26 August 2013

Starting Seeds Inside

Seeds are so much cheaper than seedlings. A packet of seeds will cost anywhere between $1 - $4, a punnet of seedlings costs $2.95+. You'll have a lot of seeds in a packet compared to an average of 8 seedlings in the punnet.

It simply makes frugal sense to buy packets of the seeds you want to grow and grow our food from scratch.  It makes even more frugal sense to learn how to save the seed from the plants you grow from seed and really have free food, but we'll talk about that in another post.

Most seeds need to be started in a mild, controlled climate and allowed to grow a little before being hardened off and then planted in the garden and starting them indoors gives a much better germination rate and grows stronger, healthier plants that will transplant easily.

About this time every year I go a little seed crazy and start:
  • Tomatoes 
  • Zucchini
  • Cucumber
  • Mini cabbages
  • Mini cauliflower
  • Broccoli
  • Silverbeet
  • Spinach
  • Pumpkin
  • Watermelon
  • Rockmelon
Growing from seed takes time and requires dedication so choose vegetables, herbs and flowers you really love or you may just lose enthusiasm and then the whole project will be a waste of time and money. 

Remember that plants are not naturally indoor things, they don't especially like the light or the atmosphere so you need to cater to their particular whims.  To start your seeds inside you'll need a nice sunny window, a greenhouse (you can buy portable outdoor greenhouses for around $40 from hardware stores, nurseries or eBay), a cold frame (you can easily make one yourself) or a grow light (and you can make these yourself too).

I use a sunny window in the family room to start seeds. The pots are laid in litter trays ($2 each from The Reject Shop) that I sit in front of the window. The trays are half filled with wet sand which acts as wicking to water the seed pots from the bottom, a much gentler option that watering from the top.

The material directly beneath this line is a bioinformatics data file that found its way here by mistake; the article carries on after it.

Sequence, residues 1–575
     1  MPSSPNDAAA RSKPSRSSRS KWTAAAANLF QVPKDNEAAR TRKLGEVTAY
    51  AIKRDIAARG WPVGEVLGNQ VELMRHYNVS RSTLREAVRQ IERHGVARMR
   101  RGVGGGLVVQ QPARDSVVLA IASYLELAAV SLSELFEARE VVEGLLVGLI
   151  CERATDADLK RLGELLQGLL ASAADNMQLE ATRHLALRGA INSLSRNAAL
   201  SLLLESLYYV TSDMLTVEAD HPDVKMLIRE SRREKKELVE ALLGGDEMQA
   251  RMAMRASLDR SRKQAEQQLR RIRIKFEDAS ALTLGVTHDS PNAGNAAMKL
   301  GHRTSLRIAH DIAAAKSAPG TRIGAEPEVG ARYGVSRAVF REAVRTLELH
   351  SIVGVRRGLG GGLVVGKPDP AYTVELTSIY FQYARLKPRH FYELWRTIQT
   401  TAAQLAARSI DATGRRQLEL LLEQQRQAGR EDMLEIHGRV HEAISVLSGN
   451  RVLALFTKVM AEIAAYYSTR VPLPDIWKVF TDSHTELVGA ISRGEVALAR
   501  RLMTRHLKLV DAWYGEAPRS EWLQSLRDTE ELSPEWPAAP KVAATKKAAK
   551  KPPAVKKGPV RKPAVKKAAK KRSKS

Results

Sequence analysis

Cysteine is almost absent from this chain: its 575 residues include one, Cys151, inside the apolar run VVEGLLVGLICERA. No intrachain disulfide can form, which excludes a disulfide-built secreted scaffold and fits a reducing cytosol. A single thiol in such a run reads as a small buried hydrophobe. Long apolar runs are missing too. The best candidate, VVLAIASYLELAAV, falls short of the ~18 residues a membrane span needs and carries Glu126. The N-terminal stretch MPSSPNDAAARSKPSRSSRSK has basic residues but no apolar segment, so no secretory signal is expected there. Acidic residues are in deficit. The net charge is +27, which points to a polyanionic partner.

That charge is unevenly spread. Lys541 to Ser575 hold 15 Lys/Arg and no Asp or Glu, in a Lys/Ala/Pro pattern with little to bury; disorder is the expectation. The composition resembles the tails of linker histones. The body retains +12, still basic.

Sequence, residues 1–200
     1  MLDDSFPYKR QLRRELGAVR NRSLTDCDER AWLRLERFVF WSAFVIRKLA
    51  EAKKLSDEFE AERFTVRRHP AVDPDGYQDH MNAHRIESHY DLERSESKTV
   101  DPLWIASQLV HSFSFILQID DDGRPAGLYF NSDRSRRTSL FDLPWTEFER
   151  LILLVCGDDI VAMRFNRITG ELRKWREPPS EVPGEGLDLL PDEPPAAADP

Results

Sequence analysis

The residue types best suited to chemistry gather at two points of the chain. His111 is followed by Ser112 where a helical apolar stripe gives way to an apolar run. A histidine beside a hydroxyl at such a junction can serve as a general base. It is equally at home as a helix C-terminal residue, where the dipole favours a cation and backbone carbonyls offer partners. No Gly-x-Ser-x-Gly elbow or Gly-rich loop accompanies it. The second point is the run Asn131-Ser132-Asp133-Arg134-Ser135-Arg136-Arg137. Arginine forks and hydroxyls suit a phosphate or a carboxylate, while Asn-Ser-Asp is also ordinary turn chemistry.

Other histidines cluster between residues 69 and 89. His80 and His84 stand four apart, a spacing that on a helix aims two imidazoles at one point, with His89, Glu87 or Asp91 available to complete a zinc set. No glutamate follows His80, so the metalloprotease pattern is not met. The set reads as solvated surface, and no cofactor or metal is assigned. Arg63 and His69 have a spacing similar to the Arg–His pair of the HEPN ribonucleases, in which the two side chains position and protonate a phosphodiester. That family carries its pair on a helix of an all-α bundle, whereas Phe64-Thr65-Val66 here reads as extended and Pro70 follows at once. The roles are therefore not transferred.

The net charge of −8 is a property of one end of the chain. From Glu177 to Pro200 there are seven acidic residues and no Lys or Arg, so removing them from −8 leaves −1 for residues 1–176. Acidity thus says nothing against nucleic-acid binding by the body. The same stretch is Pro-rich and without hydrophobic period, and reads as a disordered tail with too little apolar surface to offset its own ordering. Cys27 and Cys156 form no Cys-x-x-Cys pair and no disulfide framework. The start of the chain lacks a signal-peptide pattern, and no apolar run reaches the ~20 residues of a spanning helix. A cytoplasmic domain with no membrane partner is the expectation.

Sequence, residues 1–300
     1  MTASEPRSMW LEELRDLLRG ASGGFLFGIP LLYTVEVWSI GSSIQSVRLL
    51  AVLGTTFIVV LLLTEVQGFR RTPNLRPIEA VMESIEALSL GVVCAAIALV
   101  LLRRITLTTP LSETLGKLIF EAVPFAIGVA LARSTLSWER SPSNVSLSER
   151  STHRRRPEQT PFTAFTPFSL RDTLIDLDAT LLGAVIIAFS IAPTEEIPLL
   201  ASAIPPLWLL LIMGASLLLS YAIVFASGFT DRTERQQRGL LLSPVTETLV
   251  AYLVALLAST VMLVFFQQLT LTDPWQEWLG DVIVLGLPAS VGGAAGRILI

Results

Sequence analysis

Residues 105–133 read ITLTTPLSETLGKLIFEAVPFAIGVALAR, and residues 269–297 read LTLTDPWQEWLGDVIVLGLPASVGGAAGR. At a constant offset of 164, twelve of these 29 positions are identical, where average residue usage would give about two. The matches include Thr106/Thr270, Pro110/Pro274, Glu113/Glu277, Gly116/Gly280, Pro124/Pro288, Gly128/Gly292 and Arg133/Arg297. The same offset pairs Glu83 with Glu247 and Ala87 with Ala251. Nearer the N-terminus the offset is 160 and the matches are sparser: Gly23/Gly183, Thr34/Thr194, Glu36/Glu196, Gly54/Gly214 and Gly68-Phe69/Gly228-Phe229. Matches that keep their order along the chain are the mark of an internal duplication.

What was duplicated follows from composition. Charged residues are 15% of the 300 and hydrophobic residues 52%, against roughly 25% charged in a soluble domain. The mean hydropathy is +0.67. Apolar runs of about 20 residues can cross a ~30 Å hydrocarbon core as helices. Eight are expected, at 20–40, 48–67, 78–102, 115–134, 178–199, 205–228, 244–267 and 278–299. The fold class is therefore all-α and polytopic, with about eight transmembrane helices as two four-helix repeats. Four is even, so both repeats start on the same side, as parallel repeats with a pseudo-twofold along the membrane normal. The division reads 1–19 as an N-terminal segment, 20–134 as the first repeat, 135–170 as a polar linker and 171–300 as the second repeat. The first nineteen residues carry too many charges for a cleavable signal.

Another thing I do, that's not strictly necessary, is make my own seed raising mix, a modified recipe based on Mel's Mix.   http://extra.cheapskates.com.au/pages/default.cfm?page_id=42818 I use 1 part compost, 1 part coarse sand, 1 part peat moss and 1 part worm castings. I use a sieve to sift it all so the end result is a nice, fine mixture. The compost and worm castings come from the backyard, the and I buy the sand and peat moss as I need it.

You can buy seed raising trays but they're plastic, tend to be flimsy and I find them fiddly. Instead I use egg cartons, egg shells (poke a hole in the bottom for drainage), toilet roll tubes or newspaper pots. These things are all free, but the biggest advantage for me is that they can be put straight into the garden, where they'll break down naturally. There's no need to disturb tiny root systems for planting, reducing the chance of transplant shock and the chance of spreading disease by re-using plastic pots and trays.

To plant your seeds water your seed raising mixture. I like it to be damp but not soggy. Then fill your seed pots to within 5mm of the top. Press the seed mix down, leaving a small indent in the centre. Drop in your seed. I am stingy with the seeds, I only ever put 1 to a pot. I think the norm is to put 2 or 3 seeds in and choose the strongest plant, discarding the others. To me that's a waste of a perfectly good plant, so one seed to one pot. Gently cover the seed with a little soil mixture, levelling it off with the top of the pot.  Label the pot with the date and the veggie so you know what it is and when it's time to transplant to the garden.

When all your pots are filled, sit them on the wet sand. Add a little more water, just until you see the water wicking out of the sand. The pots will absorb the water from the sand, watering the tiny seeds from the bottom up. They'll be able to absorb the moisture they need, reducing the need for you to watch them constantly.

Sit the trays in your sunny window and watch your food start to grow.

When your plants are ready for the garden (check the times on your seed packet, it varies from plant variety to variety) you can take your biodegradable pot and put it straight into your garden bed.

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